Geek Tourism for Electric Power Economists

Michael Giberson

Last week I attended the Gulf Coast Power Association‘s spring conference. Very good time. More comments later this week after I have time to catch up. Just a note today on the pre-conference power plant tour featuring the Tenaska Frontier Generating Plant in Shiro, Texas (about 50 north of Houston).

The 830-MW combined-cycle natural gas-fired plant is very efficient (a heat rate in the 7,000s), but what makes the plant most interesting from a economic standpoint is its ability to sell power into the ERCOT market and the Eastern Interconnection simultaneously.  As an article in Power Engineering explains:

The idea for a plant that could be dispatched to either the Electric Reliability Council of Texas (ERCOT) grid or the Eastern interconnection came to Tenaska Vice President Dave Fiorelli while attending an ERCOT operations subcommittee meeting in 1996. At the meeting, one of the subcommittee members mentioned that a part of CSW’s black start plan for ERCOT involved temporarily connecting a West Texas Utilities’ plant, normally connected to the Southwest Power Pool, to ERCOT . It occurred to Fiorelli that if it is possible to do it on an emergency basis, why couldn’t it be done routinely. To put it another way: Would it be possible to design and build a plant to feed into more than one grid, perhaps even simultaneously? The advantage for a merchant plant could be substantial by providing an independent power facility greater flexibility in reaching the most lucrative markets. (Emphasis added.)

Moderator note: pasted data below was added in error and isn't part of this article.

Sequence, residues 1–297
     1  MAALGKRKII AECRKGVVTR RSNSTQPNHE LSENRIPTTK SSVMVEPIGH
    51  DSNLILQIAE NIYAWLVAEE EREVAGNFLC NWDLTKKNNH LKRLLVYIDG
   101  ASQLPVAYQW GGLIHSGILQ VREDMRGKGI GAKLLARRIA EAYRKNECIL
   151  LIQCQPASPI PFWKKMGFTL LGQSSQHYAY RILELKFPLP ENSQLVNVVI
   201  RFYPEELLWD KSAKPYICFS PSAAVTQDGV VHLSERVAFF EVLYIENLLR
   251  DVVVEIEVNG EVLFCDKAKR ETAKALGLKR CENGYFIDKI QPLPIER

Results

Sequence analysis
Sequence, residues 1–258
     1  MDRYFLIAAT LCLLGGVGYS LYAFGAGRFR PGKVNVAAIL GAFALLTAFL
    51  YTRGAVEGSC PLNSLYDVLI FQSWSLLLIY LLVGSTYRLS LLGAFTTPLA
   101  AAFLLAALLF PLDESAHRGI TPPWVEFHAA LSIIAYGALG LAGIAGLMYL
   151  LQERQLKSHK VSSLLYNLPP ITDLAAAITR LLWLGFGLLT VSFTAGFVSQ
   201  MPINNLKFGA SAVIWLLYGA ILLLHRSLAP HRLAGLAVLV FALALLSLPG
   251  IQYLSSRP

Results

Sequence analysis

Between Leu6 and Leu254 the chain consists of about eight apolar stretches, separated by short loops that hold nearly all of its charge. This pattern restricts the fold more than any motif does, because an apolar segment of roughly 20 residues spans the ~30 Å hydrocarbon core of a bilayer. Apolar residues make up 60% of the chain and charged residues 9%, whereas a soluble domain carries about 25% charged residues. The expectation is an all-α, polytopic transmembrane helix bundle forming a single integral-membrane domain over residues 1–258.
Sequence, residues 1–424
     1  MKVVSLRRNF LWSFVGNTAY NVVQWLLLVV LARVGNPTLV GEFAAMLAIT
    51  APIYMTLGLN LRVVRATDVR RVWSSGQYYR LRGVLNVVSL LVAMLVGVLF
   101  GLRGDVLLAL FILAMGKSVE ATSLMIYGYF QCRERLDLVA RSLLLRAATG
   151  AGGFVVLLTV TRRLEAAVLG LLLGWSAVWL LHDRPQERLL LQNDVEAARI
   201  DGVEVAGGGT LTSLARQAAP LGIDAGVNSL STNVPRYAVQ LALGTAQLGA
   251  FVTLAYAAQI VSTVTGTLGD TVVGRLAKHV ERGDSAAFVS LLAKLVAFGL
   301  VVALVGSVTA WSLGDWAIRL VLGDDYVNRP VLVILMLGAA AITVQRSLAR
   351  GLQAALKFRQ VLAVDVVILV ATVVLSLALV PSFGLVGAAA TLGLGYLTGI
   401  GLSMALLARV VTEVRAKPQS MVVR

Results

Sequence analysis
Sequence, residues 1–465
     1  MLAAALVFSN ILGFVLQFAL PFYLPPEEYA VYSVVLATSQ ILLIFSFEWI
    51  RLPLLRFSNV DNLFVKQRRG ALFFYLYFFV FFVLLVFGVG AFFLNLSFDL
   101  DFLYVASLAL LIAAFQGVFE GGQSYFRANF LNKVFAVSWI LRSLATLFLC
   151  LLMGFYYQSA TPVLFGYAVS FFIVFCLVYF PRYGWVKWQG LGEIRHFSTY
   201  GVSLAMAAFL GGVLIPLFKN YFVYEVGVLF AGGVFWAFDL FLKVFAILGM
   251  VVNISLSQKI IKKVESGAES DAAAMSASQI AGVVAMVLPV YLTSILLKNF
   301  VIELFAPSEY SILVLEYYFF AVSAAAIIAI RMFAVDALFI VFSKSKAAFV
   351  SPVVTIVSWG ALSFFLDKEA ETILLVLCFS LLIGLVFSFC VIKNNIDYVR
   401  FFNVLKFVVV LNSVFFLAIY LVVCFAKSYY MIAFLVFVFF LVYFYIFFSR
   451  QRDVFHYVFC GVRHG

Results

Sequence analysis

The ERCOT power grid is electrically isolated from the Eastern Interconnection (a collection of interconnected transmission grids covering most of the U.S. and Canadian power systems west of the Rocky Mountains). A small number of DC interties does allow some power to flow between ERCOT and the Eastern Interconnection, but not much power flows relatively speaking. Those limits mean that a generator like Tenaska Frontier can explore arbitrage opportunities between the regions without a lot of competition from others.

And that condition makes the Tenaska Frontier plant an excellent geek travel stop for electric power economists.


3 thoughts on “Geek Tourism for Electric Power Economists

  1. What good, geeky fun! Wish I had been there. Heat rates and arbitrage and Texas? What’s not to love?

  2. Thanks for the tip Michael. Seems to me that geek tourism could be the 21st C equivalent of ecotourism. I recently took geeky pleasure in presenting an offshore turbine that I visited, onshore strangely enough, near Hamburg: see http://blogs.spectrum.ieee.org/energywise/2009/03/11/5_gigawattsapop_and_prepped_fo.html.

    Here’s a story about another Texas border power project that, alas, I have not had the good fortune to visit. It transfers power between ERCOT and Mexico without resorting to power electronics: see http://www.spectrum.ieee.org/nov07/5714.

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